The building access clause is exactly what it sounds like. It describes when tenants are allowed to enter/exit the building. The exact terms are defined during lease negotiations, but the typical clause states that tenants will have open access to the property during normal business business hours (Mon. – Fri., 8AM – 6PM), but may be required to use a key card or sign in with security after hours.
This clause can also vary by property type. For example, a retail lease may require different hours and may require the property to be available during them.
Length of the Lease
There are three components used to calculate the length of the lease. First is the lease start date, which is the date that the lease agreement takes effect. Second is the end date, which is the date that the tenant’s obligations under the lease expire. Third, there may be some lease extension options that could extend the length of the lease further.
For example, suppose a lease has an initial start date of 01/01/2020 and an expiration date of 12/31/2025. This equates to an initial term of 5 years. If there are any extension options, the tenant could decide to extend the term for even longer.
Renewals and Extension Options
This clause covers whether or not the lease terms come with any options for renewal. Most commercial leases come with a “base term” and then an option for the tenant to extend the lease beyond the base term at their own discretion.
For example, a tenant could sign a lease with a base term of 5 years and then a single renewal option for another 5 years. This means that the total term of the lease could potentially be 10 years.
When a tenant signs a lease, it is legally enforceable for the entire term. But, sometimes things change. The lease termination clause defines what events or situations under which the tenant could terminate their obligations under the lease. For example, if the tenant goes out of business or the property suffers some sort of catastrophic damage in a storm, the tenant could terminate the lease and no longer have to make rent payments.
The rental rate clause also contains three key pieces of information, the base rent amount, what additional rent is required, and whether or not this rate changes during the lease term.
The base rental amount is typically stated as a dollar per square foot figure, for example it could be $10 PSF. Depending on whether the lease has a gross or net structure, the tenant may be responsible for some amount of additional rent, which is usually their pro-rata share of the building’s operating expenses. This is also expressed as a dollar per square foot. For example, the base rent could be $10 PSF and the additional rent could be $1.25 PSF.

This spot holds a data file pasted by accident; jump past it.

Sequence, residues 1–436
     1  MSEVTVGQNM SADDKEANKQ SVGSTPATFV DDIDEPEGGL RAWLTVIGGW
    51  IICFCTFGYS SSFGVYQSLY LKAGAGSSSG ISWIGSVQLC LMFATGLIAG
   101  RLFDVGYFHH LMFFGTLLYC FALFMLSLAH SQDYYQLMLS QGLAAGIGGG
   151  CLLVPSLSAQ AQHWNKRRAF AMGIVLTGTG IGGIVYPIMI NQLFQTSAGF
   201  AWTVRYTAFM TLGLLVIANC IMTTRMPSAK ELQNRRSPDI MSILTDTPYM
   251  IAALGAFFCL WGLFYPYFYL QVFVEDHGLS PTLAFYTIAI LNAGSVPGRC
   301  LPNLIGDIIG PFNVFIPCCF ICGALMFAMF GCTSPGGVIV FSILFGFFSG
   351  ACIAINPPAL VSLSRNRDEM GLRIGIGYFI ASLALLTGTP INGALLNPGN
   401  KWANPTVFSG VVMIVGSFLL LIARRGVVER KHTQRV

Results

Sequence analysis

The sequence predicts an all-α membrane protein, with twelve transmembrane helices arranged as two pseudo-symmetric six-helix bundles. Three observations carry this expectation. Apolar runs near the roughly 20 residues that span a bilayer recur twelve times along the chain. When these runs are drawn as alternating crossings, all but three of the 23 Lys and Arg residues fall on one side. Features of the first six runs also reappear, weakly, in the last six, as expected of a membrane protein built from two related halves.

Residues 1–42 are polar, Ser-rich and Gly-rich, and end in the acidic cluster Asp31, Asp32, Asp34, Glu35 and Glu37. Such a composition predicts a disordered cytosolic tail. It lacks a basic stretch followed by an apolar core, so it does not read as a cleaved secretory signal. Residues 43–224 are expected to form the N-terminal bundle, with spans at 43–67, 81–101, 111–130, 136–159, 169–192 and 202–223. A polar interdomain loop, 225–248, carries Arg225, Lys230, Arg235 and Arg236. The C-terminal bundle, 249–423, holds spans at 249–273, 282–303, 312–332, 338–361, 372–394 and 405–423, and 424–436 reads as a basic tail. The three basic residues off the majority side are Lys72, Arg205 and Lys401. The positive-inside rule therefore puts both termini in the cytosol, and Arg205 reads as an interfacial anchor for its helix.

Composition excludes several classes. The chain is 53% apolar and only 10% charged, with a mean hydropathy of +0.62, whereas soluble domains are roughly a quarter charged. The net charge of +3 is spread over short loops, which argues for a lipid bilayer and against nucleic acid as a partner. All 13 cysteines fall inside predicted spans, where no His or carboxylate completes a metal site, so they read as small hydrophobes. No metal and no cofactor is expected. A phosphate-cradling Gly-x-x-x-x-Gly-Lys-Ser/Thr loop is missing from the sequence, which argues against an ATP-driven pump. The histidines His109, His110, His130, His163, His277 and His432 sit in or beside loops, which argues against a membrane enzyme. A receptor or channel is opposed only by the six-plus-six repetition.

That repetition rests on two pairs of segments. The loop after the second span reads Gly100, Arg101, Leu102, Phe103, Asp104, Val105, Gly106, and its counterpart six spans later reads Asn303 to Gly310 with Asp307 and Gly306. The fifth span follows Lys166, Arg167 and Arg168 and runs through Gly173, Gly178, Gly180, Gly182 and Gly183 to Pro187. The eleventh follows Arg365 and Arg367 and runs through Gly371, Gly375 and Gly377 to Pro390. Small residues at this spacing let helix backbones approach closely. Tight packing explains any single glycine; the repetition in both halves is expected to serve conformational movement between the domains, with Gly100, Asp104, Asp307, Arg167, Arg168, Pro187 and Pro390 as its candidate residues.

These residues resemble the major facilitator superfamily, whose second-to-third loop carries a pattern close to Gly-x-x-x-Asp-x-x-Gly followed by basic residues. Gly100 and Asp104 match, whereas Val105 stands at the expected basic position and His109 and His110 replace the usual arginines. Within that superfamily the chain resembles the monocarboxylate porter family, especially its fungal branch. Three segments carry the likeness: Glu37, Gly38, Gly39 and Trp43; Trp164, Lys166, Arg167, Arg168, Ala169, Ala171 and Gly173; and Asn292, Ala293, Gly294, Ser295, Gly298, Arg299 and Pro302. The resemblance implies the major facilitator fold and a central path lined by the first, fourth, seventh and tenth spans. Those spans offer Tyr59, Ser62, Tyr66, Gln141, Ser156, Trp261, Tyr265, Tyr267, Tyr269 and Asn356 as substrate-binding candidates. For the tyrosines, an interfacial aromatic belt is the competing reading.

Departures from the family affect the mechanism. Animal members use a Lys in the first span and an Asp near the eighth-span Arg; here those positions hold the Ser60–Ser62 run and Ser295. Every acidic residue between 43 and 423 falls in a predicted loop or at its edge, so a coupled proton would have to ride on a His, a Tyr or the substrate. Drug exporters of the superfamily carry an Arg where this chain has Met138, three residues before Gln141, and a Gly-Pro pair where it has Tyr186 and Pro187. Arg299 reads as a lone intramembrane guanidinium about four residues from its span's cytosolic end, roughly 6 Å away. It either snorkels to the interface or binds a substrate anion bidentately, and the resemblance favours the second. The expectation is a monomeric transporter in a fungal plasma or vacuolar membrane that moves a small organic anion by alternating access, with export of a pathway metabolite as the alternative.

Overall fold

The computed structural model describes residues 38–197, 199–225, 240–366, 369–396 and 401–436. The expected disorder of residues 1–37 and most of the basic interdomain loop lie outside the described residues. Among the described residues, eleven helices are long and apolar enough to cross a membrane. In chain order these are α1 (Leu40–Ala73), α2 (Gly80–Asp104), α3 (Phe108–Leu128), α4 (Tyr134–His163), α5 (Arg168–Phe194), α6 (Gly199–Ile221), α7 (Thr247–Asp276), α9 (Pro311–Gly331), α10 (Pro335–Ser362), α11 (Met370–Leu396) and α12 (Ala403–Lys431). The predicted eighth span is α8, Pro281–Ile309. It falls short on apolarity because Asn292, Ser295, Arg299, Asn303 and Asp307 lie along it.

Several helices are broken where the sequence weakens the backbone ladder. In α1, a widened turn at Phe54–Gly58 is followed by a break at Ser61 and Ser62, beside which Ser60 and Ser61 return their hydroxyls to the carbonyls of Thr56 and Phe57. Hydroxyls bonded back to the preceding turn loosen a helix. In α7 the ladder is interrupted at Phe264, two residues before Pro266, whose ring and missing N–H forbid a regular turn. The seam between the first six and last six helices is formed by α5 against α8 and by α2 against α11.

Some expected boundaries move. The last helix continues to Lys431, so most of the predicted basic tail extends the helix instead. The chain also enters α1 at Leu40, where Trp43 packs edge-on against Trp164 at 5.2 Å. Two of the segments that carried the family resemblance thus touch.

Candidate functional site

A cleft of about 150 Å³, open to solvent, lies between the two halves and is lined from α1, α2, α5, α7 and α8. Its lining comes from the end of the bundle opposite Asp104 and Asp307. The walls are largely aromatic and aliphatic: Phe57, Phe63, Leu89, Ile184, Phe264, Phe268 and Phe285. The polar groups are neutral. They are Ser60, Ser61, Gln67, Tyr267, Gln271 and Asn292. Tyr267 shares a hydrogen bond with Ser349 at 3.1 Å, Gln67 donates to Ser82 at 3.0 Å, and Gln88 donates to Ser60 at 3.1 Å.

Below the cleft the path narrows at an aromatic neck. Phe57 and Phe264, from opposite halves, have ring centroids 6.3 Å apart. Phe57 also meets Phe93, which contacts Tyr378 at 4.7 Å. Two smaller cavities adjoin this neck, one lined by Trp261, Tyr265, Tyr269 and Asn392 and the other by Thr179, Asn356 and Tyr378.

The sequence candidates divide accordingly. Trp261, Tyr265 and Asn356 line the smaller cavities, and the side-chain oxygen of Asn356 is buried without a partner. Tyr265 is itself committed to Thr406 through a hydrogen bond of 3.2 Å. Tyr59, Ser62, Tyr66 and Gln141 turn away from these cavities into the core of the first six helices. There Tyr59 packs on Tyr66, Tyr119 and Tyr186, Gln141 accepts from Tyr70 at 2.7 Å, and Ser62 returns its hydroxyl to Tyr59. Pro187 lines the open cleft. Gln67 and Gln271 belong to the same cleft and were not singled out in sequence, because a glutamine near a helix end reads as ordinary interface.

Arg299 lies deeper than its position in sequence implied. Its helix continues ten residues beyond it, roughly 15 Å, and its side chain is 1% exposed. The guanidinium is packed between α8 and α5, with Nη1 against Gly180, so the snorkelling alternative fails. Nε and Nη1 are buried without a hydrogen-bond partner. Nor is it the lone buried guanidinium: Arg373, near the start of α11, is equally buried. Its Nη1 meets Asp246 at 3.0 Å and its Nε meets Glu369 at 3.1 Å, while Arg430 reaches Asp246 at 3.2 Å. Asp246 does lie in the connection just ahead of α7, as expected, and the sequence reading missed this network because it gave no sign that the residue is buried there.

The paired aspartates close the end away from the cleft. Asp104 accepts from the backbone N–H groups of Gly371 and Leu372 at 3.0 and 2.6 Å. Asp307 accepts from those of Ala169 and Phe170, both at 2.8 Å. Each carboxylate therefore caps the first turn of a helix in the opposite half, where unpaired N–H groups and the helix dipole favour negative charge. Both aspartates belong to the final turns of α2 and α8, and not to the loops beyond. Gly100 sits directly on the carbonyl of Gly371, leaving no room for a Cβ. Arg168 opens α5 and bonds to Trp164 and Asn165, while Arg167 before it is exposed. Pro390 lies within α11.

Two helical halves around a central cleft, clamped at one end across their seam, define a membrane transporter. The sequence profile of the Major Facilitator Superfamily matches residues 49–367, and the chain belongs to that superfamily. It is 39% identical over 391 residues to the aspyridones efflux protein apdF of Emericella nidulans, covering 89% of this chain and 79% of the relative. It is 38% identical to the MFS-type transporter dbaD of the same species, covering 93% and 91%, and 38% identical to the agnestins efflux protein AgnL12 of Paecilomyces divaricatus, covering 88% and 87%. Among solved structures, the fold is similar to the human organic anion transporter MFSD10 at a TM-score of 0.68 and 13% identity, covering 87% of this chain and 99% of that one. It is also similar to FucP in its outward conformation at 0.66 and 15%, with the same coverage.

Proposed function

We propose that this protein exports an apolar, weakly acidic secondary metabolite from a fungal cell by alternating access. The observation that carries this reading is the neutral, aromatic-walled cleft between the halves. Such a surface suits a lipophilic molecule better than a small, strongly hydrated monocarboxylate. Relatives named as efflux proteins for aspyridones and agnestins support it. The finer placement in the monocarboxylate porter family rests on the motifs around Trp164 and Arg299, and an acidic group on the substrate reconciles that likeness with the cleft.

Finally, a typical commercial lease may also include a “lease escalation” which represents an increase in the base rental amount over time. For example, the base rent could start at $10 PSF, but it could rise by 3% annually.
Holdover At Lease End
If a tenant continues to occupy the leased premises beyond the lease expiration date, they are considered to be a “holdover” tenant. If they continue to pay – and the landlord accepts – monthly rent, they are a legal occupant of the space and courts and/or local laws can determine the length of the lease.
If they do not continue to pay rent, they are considered to be trespassing and the property owner has the right to begin eviction proceedings.
The lease should specify exactly how a “holdover” situation is managed.
Common Area Expenses
Certain property types, especially office buildings and retail spaces, have many tenants that share common space like lobbies, parking lots, elevators, landscaping, and hallways. There is a cost associated with maintaining these parts of the property and it is usually shared by all tenants who lease space in it. The Common Areas Expenses clause will define what the common areas are, how much they cost to maintain, and how that cost is divided between tenants.
In most cases, each tenant is responsible for their pro-rata share of the operating expenses based on the amount of square footage they lease in the property. For example, suppose that a tenant leases 5,000 SF in a 50,000 SF building, which equates to 10% of the total leasable area. As such, they would be responsible for 10% of the total operating expenses. These are reimbursed as part of their monthly rent payment.
Security Deposit & Conditions For Return
The security deposit clause outlines two key pieces of information, the amount of the deposit and the conditions under which it will be returned.
The amount of the security deposit is a negotiating point between the tenant and landlord and can vary from one lease to another, but it is typically expressed in months of rent. For example, a security deposit could be 1 month of rent and it must be paid to the landlord prior to the tenant taking possession of the space.
The point of the security deposit is that it is used to repair any damage to the occupied space once the tenant leaves. As such, this clause needs to describe exactly how it will be held for the duration of the lease and what conditions are required for its return. Typically, the landlord will complete an inspection of the space once the tenant moves out and note any damage. Based on the results of the walk through, the landlord may return all or some of the security deposit.
Tenant Improvements / Modifications / Fixtures